Posts for tag: braces
Orthodontists are able to achieve attractive results with traditional braces moving several teeth into a better position. In a way, braces are the original “smile makeover.”
But orthodontic treatment can also be useful if only a few teeth (like the two upper front teeth) need to be moved slightly. A treatment known as minor tooth movement takes only a few months as opposed to years for traditional multiple teeth movement, and with removable appliances that may use small springs or elastics to place gentle pressure on teeth to move them.
So, what constitutes a minor tooth movement scenario? As with any dental condition, the first step is a complete dental examination, particularly the bite. We also need to determine if enough room exists to close any space without compromising the bite with the opposing teeth, and if the teeth and their roots are in a good position to allow minor movement — otherwise, more extensive treatment may be called for. The surrounding gum tissues and bone also need to be healthy and disease-free, especially in adults.
We may also need to look more closely at the actual cause for a front tooth gap. If the gap is the result of the tongue habitually pressing against the back of the teeth and pushing them forward, it may then be difficult or impossible to close the gap with minor tooth movement techniques. The cause may also originate from the frenum (a thin, muscular tissue that rises up from between the upper front teeth toward the lip) if it has extended too far between the teeth. In this case we may first need to surgically remove some of the frenum tissue before attempting orthodontics or the teeth may gradually move back apart after closing the gap.
Although minor tooth movement normally doesn’t take as long as braces, it may still require several months. And just like with braces, you will need to wear a retainer for several months afterward until the bone stabilizes around the new position. Still, minor tooth movement could have a major impact on your smile.
If you would like more information on orthodontic treatments, please contact us or schedule an appointment for a consultation. You can also learn more about this topic by reading the Dear Doctor magazine article “Minor Tooth Movement.”
Magician Michael Grandinetti mystifies and astonishes audiences with his sleight of hand and mastery of illusion. But when he initially steps onto the stage, it’s his smile that grabs the attention. “The first thing… that an audience notices is your smile; it’s what really connects you as a person to them,” Michael told an interviewer.
He attributes his audience-pleasing smile to several years of orthodontic treatment as a teenager to straighten misaligned teeth, plus a lifetime of good oral care. “I’m so thankful that I did it,” he said about wearing orthodontic braces. “It was so beneficial. And… looking at the path I’ve chosen, it was life-changing.”
Orthodontics — the dental subspecialty focused on treating malocclusions (literally “bad bites”) — can indeed make life-changing improvements. Properly positioned teeth are integral to the aesthetics of any smile, and a smile that’s pleasing to look at boosts confidence and self-esteem and makes a terrific first impression. Studies have even linked having an attractive smile with greater professional success.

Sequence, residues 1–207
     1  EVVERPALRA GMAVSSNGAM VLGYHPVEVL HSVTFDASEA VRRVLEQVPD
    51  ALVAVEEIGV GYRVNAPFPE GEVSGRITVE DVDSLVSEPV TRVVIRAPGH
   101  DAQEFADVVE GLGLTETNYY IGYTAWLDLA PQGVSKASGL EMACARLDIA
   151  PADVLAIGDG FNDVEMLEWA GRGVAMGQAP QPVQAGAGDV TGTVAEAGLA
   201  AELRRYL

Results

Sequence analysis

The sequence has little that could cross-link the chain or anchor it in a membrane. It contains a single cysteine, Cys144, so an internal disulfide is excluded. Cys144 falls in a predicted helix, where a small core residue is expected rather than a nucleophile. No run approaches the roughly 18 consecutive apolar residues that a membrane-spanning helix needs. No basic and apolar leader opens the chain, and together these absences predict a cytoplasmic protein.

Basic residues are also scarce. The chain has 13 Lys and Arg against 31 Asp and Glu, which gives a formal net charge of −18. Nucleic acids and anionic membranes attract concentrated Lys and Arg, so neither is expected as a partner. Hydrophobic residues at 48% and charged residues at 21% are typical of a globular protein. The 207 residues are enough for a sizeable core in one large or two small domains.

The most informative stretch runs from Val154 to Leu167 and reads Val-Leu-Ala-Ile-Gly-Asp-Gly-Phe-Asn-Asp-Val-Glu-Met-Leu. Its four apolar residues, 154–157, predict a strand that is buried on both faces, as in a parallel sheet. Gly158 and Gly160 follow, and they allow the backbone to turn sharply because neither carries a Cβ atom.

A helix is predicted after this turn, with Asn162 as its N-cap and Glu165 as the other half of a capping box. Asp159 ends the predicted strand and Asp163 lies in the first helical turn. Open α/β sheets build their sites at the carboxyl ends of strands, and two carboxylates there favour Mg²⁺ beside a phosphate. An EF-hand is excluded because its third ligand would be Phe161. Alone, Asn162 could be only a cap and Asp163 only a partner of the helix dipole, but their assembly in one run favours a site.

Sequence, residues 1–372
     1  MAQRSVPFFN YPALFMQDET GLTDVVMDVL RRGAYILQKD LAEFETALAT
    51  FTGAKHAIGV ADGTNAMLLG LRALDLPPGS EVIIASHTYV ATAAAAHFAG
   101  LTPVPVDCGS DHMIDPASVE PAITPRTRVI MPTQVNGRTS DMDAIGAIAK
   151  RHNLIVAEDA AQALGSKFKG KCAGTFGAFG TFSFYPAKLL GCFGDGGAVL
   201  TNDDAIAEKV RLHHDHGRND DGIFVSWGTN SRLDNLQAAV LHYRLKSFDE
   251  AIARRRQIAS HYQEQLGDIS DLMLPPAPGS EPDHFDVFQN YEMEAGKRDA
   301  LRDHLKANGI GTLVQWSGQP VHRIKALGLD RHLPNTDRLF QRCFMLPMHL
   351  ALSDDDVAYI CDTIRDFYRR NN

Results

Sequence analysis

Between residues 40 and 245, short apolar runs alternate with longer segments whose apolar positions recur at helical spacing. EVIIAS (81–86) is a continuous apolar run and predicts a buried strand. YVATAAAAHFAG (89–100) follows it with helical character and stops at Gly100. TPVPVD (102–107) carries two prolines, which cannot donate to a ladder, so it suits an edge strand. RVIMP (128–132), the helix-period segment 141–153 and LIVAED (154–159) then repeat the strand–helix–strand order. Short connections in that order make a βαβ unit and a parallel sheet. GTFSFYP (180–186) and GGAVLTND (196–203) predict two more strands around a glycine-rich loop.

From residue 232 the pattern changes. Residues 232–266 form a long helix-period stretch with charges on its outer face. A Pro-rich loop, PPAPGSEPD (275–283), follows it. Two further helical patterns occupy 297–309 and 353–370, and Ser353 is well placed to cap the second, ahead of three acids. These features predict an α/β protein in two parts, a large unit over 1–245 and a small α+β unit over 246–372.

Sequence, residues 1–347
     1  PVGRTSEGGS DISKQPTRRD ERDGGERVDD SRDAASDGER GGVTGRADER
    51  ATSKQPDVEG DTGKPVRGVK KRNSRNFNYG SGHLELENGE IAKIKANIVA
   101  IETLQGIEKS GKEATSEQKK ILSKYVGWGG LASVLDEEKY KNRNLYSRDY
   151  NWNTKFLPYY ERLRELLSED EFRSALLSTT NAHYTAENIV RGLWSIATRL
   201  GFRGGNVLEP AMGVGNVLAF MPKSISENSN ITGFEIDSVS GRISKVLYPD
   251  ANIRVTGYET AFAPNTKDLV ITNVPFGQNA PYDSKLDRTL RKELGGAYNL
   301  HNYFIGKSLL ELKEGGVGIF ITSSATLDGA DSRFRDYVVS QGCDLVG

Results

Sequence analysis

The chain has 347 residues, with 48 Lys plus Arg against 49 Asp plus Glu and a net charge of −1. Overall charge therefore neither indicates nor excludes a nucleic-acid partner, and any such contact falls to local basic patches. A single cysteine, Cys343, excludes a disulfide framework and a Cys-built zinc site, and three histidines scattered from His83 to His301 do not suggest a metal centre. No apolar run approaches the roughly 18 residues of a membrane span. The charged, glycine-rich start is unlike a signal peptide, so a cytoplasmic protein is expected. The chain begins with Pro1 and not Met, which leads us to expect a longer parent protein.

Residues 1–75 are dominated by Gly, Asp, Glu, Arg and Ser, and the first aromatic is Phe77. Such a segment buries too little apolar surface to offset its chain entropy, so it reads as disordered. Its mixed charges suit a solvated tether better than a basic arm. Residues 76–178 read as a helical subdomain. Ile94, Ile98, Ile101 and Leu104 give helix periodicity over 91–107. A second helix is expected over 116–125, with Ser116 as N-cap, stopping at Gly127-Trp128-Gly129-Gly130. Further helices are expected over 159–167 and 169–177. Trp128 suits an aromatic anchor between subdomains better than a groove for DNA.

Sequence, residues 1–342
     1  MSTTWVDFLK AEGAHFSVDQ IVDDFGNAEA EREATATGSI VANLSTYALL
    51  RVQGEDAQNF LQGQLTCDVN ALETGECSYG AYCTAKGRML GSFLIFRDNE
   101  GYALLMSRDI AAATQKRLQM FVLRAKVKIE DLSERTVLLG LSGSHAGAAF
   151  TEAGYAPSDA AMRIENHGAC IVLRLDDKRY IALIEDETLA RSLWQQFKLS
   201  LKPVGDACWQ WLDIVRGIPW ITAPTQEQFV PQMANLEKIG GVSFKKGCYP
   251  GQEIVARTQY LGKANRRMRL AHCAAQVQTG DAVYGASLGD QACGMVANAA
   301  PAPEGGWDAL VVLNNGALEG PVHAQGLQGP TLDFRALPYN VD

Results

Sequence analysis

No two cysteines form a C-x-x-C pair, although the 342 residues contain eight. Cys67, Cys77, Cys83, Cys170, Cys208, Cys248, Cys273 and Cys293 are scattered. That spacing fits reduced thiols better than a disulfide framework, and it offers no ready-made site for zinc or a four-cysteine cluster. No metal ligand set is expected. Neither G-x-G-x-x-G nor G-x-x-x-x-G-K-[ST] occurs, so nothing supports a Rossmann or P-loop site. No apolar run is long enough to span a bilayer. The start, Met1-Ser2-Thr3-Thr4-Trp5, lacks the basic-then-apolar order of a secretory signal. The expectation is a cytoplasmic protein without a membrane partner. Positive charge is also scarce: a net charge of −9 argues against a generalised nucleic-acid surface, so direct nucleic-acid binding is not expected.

There can also be functional benefits such as improved biting/chewing and speech, and reduced strain on jaw muscles and joints. Additionally, well-aligned teeth are easier to clean and less likely to trap food particles that can lead to decay.
The Science Behind the Magic
There are more options than ever for correcting bites, but all capitalize on the fact that teeth are suspended in individual jawbone sockets by elastic periodontal ligaments that enable them to move. Orthodontic appliances (commonly called braces or clear aligners) place light, controlled forces on teeth in a calculated fashion to move them into their new desired alignment.
The “gold standard” in orthodontic treatment remains the orthodontic band for posterior (back) teeth and the bonded bracket for front teeth. Thin, flexible wires threaded through the brackets create the light forces needed for repositioning. Traditionally the brackets have been made of metal, but for those concerned about the aesthetics, they can also be made out of a clear material. Lingual braces, which are bonded to the back of teeth instead of the front, are another less visible option. The most discrete appliance is the removable clear aligner, which consists of a progression of custom-made clear trays that reposition teeth incrementally.
How’s that for a disappearing act?!
If you would like more information about orthodontic treatment please contact us or schedule an appointment for a consultation. You can also learn more about the subject by reading the Dear Doctor magazine article “The Magic of Orthodontics.”
Would you like to do something about your crooked teeth, as long it doesn't require wearing metal braces? Many people feel the same way. Metal and ceramic braces may be effective, but they aren't exactly attractive. Lynchburg, VA, dentist Dr. Kevin Midkiff discusses Invisalign, a metal-free alternative to traditional braces.
How will Invisalign straighten my teeth?
Clear, removable aligner trays take the place of wires and brackets in the Invisalign system. When you visit our Lynchburg office, we'll design a series of trays that will cover your entire course of treatment. Each set of trays applies the gentle pressure needed to realign teeth and is worn for about two weeks. We'll take digital images and impressions of your mouth during your visit and combine them with X-rays to create a digital 3D representation of your teeth. Dr. Midkiff will use the 3D image to design upper and lower aligner trays that not only fit snugly and comfortably but also achieve your straightening goals.
Is Invisalign the right choice for me?
Invisalign is an excellent choice whether you are a teenager or an adult. As long as you're prepared to wear your aligners for 20 to 22 hours per day, clean them regularly and follow a good oral hygiene routine, you'll benefit from Invisalign. The system is recommended for people who have a range of mild to moderate orthodontic problems, including spacing and crowding issues, overbites, underbites, crossbites and open bites.